Author: Lynne Brooke – Educational Leader
Date: 20 August 2019
The first seven years of a child’s life is recognised as being the most crucial period in their development. The right hand side of the brain develops by the time the child is approximately three to four years. The left-brain does not fully come online until children are approximately seven years of age.
So what does this mean for play? The left-brain is responsible for language, numeracy, literacy, analysis and time and the right brain is responsible for empathy, intuition, imagination and curiosity. While the child is using their imagination, being curious, problem solving the groundwork is being laid for future learning. Pushing a child into academia too soon can have negative effects on their little brains.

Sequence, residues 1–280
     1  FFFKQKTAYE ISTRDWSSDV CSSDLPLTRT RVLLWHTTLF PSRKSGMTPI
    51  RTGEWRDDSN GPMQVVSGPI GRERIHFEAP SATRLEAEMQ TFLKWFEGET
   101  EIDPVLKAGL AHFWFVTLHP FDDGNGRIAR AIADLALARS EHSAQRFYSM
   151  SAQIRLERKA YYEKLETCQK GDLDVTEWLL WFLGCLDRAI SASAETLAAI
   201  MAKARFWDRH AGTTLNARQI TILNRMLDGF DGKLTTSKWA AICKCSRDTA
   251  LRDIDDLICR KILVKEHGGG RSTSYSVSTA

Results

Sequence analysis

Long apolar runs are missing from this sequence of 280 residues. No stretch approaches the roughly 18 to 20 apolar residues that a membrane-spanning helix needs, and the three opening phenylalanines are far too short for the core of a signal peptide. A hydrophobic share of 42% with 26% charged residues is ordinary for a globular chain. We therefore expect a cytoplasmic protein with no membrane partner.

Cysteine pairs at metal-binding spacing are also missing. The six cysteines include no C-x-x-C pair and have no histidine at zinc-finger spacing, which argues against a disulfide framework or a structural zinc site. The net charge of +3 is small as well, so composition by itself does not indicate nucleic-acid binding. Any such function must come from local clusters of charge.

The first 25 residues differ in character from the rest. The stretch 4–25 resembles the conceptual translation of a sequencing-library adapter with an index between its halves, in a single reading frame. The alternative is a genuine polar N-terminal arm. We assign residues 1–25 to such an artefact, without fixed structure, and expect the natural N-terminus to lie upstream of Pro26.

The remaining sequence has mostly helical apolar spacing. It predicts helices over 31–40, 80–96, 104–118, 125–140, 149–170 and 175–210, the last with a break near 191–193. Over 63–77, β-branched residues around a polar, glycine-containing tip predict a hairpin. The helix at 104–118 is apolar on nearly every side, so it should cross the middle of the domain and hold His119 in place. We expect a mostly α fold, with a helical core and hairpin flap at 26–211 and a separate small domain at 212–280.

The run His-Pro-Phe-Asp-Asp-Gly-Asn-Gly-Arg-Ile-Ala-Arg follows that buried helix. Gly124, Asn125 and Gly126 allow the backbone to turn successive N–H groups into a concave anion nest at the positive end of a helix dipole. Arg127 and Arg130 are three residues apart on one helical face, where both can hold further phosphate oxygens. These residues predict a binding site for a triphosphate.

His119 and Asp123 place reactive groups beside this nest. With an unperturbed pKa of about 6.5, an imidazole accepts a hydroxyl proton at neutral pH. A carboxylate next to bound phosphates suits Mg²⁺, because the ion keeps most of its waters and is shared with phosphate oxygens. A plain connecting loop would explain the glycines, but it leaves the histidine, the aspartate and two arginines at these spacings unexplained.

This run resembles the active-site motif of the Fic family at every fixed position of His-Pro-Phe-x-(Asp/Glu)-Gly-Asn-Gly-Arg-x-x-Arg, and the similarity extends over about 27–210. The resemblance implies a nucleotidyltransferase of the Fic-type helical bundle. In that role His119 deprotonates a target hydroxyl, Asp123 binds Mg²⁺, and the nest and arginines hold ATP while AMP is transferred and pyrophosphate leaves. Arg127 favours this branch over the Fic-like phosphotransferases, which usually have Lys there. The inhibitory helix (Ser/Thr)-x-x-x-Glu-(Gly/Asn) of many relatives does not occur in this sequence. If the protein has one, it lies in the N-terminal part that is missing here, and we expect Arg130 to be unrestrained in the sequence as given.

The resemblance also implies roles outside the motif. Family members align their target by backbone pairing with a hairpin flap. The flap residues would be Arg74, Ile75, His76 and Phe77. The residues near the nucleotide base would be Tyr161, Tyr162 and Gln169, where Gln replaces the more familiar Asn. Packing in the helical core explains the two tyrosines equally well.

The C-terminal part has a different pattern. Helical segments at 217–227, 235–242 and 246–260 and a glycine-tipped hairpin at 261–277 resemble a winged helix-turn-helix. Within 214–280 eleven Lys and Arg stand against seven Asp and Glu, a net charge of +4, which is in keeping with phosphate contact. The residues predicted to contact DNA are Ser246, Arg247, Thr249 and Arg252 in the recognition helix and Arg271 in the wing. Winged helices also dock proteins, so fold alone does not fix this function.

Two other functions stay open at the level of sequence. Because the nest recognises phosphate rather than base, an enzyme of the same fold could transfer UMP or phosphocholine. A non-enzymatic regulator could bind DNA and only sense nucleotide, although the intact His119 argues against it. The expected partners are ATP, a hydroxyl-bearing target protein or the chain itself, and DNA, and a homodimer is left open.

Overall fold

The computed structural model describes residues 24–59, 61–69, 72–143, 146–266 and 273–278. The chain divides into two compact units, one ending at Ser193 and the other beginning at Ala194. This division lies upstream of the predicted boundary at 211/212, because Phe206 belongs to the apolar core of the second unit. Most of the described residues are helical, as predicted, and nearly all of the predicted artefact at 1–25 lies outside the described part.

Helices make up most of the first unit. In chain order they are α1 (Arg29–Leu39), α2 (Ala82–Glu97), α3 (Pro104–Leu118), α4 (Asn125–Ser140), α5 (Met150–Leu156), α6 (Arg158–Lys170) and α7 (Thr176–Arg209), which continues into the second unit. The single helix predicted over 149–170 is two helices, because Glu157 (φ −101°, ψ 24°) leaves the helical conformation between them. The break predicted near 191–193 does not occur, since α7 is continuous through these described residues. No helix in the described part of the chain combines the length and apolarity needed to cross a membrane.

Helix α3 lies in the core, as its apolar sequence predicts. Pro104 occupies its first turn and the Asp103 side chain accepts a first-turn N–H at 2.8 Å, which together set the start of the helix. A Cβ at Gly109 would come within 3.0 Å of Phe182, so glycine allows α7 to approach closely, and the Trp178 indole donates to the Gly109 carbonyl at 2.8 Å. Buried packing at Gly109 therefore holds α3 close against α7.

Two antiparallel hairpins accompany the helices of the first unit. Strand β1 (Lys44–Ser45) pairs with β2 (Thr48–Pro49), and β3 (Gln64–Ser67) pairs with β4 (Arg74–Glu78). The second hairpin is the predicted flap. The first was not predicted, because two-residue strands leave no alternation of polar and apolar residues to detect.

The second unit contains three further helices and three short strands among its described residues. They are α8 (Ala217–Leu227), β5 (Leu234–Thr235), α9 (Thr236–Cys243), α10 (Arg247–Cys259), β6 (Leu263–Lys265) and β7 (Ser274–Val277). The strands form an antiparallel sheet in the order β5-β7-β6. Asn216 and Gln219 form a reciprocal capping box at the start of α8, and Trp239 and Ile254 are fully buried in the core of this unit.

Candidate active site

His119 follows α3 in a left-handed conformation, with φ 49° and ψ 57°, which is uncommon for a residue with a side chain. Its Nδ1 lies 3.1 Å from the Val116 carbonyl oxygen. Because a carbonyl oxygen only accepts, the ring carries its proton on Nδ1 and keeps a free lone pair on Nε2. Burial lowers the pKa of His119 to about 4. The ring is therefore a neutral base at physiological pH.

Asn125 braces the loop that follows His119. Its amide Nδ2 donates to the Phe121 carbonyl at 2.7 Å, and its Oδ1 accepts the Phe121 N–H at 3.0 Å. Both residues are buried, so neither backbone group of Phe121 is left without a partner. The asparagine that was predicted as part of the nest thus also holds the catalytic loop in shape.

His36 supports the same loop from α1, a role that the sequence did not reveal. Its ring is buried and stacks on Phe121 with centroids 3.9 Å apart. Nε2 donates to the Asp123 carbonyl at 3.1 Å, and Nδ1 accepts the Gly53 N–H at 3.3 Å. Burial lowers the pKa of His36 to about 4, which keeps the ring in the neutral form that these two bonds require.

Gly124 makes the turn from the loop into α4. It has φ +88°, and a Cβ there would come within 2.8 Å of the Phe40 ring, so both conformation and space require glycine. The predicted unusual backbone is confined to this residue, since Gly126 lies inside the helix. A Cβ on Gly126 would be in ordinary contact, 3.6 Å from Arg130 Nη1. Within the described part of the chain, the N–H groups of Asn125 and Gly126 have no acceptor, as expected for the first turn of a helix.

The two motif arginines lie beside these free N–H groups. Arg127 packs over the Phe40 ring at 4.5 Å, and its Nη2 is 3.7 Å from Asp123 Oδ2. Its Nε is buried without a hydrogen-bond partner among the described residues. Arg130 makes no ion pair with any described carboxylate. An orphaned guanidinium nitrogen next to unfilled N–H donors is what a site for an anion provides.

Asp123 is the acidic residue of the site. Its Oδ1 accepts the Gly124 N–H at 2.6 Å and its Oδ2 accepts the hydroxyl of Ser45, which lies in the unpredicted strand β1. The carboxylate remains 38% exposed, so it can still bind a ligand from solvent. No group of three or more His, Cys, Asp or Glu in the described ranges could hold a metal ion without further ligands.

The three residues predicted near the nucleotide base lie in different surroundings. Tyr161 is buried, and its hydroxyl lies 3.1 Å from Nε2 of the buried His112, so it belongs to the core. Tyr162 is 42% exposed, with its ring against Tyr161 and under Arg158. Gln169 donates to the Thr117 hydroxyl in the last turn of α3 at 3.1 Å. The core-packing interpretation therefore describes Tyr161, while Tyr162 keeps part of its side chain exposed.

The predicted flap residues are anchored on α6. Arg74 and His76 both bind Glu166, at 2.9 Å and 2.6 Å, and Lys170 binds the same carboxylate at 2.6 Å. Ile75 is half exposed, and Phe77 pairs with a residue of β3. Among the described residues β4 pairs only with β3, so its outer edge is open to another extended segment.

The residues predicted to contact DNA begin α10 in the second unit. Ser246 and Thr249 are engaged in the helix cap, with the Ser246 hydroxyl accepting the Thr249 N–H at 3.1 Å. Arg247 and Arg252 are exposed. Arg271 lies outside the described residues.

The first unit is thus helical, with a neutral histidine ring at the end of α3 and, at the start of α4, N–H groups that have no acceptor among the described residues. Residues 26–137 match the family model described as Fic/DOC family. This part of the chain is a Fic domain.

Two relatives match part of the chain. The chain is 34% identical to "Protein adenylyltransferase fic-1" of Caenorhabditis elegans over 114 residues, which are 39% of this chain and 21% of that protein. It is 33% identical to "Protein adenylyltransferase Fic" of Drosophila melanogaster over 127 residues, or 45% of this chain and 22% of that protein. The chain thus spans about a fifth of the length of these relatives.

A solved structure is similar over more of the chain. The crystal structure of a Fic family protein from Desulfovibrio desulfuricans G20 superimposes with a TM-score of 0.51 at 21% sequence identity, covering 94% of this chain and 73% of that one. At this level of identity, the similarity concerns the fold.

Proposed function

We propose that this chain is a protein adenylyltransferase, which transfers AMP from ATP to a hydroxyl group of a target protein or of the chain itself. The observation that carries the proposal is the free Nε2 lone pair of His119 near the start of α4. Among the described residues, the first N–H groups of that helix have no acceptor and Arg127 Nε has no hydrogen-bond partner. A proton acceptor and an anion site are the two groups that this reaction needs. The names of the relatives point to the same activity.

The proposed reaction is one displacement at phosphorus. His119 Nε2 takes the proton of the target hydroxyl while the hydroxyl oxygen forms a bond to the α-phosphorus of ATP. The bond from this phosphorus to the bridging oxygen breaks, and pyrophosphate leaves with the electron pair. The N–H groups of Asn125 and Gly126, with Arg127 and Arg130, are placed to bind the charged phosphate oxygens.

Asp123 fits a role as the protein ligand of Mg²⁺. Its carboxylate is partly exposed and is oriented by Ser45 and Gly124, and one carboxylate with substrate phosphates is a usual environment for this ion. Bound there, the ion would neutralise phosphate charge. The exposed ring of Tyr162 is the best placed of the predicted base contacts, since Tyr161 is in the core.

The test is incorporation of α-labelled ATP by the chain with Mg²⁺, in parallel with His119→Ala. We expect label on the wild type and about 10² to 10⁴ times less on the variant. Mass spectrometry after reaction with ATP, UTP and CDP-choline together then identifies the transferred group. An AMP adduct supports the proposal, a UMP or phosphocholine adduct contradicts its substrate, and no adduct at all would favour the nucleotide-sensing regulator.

Play on the other hand changes the structure of the developing brain by strengthening the connections of the neurons (nerve cells) in the prefrontal cortex, the part of the brain considered the control centre that is responsible for solving problems, making plan and regulating emotions. To make the most of early brain development children need free- play. Free play is unstructured and child initiated, it allows children to use their imagination, be creative and freely explore and experience the world around them. Laying these foundations first with play in the early years will have long-term benefits of a child’s ability for lifelong learning.
The Early Years Learning Framework (EYLF) is the approved learning framework for children birth to 5 years. Educators use the framework to guide their curriculum development. The EYLF reinforces the need for play so that children can explore their world, experiment, and develop new understandings. Play is universal and a natural part of childhood, this is why it is important for educators to have the knowledge of how children learn through play.